Ukiyo-e, literally meaning 'pictures of the floating world', is the practice of woodblock printing which became popular in Japan around late Edo period. Traditionally, woodblock printing used to be a collaborative process between an artist, carver, printer and publisher. In many works produced by Hokusai, Hiroshige Ando, Kuniyoshi, and other prominent woodblock artists, the publisher seals can be found alongside censorship seals which indicate the date at which the prints were produced.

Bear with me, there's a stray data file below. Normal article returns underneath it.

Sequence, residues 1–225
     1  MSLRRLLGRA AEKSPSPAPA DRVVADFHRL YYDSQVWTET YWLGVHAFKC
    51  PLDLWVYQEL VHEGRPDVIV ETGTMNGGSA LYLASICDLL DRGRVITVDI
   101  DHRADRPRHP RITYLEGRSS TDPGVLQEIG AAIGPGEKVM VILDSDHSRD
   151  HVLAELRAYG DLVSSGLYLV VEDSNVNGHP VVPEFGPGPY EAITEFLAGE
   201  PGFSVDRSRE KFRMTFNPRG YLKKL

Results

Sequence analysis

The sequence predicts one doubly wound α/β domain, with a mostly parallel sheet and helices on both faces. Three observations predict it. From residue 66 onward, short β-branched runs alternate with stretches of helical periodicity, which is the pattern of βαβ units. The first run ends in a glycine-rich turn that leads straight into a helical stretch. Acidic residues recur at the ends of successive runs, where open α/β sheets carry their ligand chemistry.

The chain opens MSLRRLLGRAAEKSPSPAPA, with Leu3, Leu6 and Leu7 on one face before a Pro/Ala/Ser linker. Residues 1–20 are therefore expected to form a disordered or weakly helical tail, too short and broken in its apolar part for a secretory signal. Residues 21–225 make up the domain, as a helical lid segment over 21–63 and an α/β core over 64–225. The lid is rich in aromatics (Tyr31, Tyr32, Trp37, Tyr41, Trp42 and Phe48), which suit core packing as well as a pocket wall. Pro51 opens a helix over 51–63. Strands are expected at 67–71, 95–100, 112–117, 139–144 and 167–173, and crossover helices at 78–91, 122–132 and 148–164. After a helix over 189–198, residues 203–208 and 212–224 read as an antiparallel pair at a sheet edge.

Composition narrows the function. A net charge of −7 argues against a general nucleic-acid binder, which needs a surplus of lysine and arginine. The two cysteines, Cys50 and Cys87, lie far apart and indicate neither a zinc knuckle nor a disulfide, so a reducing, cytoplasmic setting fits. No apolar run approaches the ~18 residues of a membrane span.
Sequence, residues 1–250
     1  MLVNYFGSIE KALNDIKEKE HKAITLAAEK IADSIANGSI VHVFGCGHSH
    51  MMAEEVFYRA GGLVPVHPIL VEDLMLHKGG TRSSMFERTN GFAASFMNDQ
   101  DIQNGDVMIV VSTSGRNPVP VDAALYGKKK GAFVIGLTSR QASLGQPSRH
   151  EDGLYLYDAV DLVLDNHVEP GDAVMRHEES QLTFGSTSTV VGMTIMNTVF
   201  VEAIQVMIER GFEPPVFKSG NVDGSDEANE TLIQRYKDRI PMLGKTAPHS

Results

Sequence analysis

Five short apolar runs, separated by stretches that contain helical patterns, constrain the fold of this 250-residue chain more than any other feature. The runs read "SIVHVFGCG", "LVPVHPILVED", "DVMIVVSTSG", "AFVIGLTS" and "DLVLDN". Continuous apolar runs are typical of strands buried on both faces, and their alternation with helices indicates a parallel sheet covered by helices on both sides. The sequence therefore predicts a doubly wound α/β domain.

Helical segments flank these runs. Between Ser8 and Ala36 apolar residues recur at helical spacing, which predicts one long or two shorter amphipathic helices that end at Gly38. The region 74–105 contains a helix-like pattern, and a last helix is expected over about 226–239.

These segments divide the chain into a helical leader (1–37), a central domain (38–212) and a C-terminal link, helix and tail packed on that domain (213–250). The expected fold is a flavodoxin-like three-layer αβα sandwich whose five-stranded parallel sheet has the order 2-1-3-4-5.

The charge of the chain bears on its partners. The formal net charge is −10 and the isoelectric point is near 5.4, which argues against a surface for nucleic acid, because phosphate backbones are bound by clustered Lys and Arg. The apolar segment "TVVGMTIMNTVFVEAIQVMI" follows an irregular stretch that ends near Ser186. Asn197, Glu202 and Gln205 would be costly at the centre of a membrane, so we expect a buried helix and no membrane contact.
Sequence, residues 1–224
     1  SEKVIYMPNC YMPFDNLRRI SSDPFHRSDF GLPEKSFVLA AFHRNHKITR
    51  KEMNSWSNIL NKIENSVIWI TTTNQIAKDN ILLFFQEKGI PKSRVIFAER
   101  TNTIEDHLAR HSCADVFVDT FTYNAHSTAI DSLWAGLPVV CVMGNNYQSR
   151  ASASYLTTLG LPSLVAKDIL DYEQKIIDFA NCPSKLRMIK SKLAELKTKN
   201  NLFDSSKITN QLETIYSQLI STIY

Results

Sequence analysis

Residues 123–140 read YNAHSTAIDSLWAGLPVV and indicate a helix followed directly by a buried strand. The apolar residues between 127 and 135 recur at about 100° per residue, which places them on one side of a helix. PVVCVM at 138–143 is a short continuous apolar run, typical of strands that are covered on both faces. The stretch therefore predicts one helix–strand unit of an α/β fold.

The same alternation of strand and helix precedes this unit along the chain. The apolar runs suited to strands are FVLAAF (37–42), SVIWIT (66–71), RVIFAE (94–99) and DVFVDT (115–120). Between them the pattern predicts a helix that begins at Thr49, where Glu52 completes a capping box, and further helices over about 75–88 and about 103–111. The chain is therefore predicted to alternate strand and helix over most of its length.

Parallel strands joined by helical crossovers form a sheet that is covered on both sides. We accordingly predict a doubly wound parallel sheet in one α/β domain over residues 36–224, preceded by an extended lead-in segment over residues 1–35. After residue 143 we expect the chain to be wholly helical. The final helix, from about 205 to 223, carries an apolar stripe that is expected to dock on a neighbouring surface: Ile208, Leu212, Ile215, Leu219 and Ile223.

After the end of the Meiji period, due to new forms of printing being developed in the west, ukiyo-e fell off and gave way to shin-hanga (literally meaning new style of printing). These works were often done in a much smaller scale as the woodblock printing industry became more of an art form. Some prominent artists of the time such as Toshi and Hiroshi Yoshida also printed in much larger formats than the traditional woodblock printing sizes.